Skin Infections in Nursing Home Residents
Skin infections in nursing homes are a common occurrence, both for physiological reasons and the nature of long-term care facilities.
The former cannot be changed, but nursing home negligence and abuse can make easily preventable and treatable infections much worse — up to the point of death.
The elderly are more prone to skin infections like cellulitis, wound infection, conjunctivitis, and necrotizing fasciitis.
They are often more susceptible because of:
- Concurrent diseases like diabetes and heart and lung issues
- Longer healing periods from wounds
- Thinner skin (the source of wrinkles)
- Weaker immune systems
Several factors make skin infections in nursing homes more likely, including:
- A higher presence of invasive medical devices, like catheters and feeding tubes
- A steady stream of outside visitors and staff bringing pathogens into the nursing home
- Close-quarters living with shared property
- Health care workers treating multiple patients
All of these factors combine to make skin infections a serious threat to nursing home residents. One of the most common skin infections is cellulitis, which most frequently forms on the lower legs.
Symptoms of cellulitis include:
- A red area of the skin that expands
If cellulitis is not treated with antibiotics, it can damage the body’s ability to fight further infections and lead to chronic swelling of the limb. Even this is reversible with consistent medical treatment, but an infection of the deep layer of skin tissue can be fatal.
Causes of Skin Infections in Nursing Home Residents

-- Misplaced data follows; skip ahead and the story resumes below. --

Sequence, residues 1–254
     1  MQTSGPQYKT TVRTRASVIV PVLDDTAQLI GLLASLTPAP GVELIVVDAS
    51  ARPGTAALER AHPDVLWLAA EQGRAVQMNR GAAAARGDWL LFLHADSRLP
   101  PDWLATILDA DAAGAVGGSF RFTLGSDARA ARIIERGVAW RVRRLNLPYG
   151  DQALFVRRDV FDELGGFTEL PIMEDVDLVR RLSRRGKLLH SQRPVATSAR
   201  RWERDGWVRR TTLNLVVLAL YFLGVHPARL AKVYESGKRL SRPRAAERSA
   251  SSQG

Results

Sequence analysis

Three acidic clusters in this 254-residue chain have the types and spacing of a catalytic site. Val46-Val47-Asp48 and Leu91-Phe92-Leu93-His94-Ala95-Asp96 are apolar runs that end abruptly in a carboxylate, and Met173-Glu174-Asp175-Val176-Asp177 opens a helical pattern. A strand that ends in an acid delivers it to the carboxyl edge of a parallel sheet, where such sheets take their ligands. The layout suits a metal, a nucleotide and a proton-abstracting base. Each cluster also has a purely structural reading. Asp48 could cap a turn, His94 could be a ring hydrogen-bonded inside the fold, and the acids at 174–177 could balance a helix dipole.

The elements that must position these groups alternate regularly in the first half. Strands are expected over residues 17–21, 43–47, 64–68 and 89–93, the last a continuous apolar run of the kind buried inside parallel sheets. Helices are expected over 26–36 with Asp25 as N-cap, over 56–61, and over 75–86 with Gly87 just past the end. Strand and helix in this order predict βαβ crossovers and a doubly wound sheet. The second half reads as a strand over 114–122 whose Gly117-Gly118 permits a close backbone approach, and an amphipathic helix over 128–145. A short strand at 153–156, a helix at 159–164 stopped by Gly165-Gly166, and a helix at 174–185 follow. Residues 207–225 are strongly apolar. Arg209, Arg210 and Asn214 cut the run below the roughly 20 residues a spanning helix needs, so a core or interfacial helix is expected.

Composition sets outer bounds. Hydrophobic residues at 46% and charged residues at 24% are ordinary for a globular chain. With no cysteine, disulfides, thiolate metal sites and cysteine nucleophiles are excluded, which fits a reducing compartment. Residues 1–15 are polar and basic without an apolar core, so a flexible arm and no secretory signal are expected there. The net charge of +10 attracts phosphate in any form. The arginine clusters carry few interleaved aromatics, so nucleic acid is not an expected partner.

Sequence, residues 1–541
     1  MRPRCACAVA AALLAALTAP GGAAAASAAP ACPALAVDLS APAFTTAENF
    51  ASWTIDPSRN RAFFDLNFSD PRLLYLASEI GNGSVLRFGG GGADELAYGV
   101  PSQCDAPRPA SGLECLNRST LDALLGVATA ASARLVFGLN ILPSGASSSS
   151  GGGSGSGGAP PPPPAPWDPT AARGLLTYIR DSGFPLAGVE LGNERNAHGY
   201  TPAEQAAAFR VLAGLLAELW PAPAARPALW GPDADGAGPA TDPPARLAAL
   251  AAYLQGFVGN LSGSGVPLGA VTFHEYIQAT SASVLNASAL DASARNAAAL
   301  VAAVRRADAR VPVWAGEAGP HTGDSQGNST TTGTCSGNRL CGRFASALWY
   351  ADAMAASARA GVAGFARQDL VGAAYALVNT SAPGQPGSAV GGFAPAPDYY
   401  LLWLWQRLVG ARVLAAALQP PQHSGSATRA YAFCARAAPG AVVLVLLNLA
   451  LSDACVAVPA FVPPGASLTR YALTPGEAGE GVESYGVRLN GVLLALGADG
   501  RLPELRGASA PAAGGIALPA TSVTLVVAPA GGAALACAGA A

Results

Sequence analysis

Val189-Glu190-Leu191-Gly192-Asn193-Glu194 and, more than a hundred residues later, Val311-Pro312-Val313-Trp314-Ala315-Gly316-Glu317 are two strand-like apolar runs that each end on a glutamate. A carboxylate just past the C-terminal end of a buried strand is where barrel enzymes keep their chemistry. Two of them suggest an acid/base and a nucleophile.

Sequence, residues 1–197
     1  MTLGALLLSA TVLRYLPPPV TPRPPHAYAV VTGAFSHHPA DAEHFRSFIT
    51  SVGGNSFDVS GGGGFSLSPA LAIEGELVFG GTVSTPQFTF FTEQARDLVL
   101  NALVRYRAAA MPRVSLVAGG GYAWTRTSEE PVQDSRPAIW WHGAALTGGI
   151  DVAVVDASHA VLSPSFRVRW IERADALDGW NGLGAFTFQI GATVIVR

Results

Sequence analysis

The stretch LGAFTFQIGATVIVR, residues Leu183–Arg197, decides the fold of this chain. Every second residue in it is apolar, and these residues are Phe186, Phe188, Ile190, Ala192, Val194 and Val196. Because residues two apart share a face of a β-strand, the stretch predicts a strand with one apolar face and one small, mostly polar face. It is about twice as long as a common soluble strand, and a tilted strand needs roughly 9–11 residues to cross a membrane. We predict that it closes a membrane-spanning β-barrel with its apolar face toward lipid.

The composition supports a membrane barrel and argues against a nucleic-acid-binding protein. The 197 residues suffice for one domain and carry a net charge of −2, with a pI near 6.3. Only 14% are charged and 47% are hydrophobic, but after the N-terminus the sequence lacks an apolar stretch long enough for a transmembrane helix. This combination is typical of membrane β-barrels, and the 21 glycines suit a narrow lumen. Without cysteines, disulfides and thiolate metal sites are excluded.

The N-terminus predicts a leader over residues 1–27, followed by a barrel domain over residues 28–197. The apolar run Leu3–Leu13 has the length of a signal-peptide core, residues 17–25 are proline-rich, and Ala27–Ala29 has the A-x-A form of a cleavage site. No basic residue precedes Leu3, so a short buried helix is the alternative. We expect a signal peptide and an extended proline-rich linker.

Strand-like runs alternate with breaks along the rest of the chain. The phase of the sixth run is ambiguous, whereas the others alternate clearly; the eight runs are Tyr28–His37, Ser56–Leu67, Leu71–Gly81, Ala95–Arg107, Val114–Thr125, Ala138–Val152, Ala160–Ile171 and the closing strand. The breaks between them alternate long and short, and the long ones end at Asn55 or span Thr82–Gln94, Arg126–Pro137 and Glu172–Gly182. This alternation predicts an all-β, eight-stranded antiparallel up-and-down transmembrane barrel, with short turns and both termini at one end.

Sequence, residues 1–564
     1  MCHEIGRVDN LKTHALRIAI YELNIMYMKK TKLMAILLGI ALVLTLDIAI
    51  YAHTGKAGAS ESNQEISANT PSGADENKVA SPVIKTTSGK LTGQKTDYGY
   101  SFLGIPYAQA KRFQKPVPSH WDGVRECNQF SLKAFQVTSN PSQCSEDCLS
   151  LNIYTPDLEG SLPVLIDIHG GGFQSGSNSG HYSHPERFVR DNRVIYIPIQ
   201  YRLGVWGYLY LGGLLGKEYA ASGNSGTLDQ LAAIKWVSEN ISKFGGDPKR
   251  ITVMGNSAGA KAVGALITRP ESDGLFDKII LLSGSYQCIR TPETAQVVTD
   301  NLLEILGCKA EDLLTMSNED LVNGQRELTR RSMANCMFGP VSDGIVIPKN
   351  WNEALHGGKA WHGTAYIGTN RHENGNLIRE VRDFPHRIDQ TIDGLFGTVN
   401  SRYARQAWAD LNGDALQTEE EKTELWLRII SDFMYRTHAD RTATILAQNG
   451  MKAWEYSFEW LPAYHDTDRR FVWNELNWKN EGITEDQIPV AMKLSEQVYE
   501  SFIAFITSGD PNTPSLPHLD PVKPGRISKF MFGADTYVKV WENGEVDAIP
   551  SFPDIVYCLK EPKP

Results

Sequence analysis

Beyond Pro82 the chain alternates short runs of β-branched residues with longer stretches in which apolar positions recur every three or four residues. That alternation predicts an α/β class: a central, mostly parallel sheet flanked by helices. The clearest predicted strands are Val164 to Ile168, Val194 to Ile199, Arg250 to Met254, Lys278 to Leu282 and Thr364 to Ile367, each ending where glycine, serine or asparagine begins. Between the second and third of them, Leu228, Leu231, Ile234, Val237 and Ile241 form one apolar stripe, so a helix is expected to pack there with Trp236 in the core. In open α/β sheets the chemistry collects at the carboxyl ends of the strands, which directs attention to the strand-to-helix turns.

Senior citizens living in nursing homes are at risk of multiple skin infections, with cellulitis at the top of the list. Cellulitis just needs a crack in the skin for bacteria to enter and begin multiplying.
The elderly’s fragile skin provides bacteria a perfect target because it is:
- Broken because of conditions like shingles, athlete’s foot, and eczema
- Naturally dry and cracked
- Thin and easily cut
Another widespread problem is bedsores, also called pressure ulcers. These develop from prolonged pressure on the skin, typically on the bony areas of the body like ankles, heels, and tailbone.
People confined to a bed or a chair, like many elderly living in a nursing home, are most at risk.
Symptoms of bedsores include:
- A patch of skin that is cooler or warmer to the touch
- Change in skin color or texture
- Pus-like discharge
“About 159,000 U.S. nursing home residents (11%) in 2004 had pressure ulcers, or more than 1 in 10.” – Centers for Disease Control
Not only are these bed sores painful, but they are ripe targets for skin infections.
Some of the complications arising from bed sores are:
- A form of squamous cell carcinoma called Marjolin’s ulcers
- Damage to cartilage, tissue, and bone from joint infections
Simply repositioning a patient around every two hours is an easy step toward preventing bedsores, but this can be a challenge if a nursing home is understaffed or overworked.
Other suggested prevention techniques include: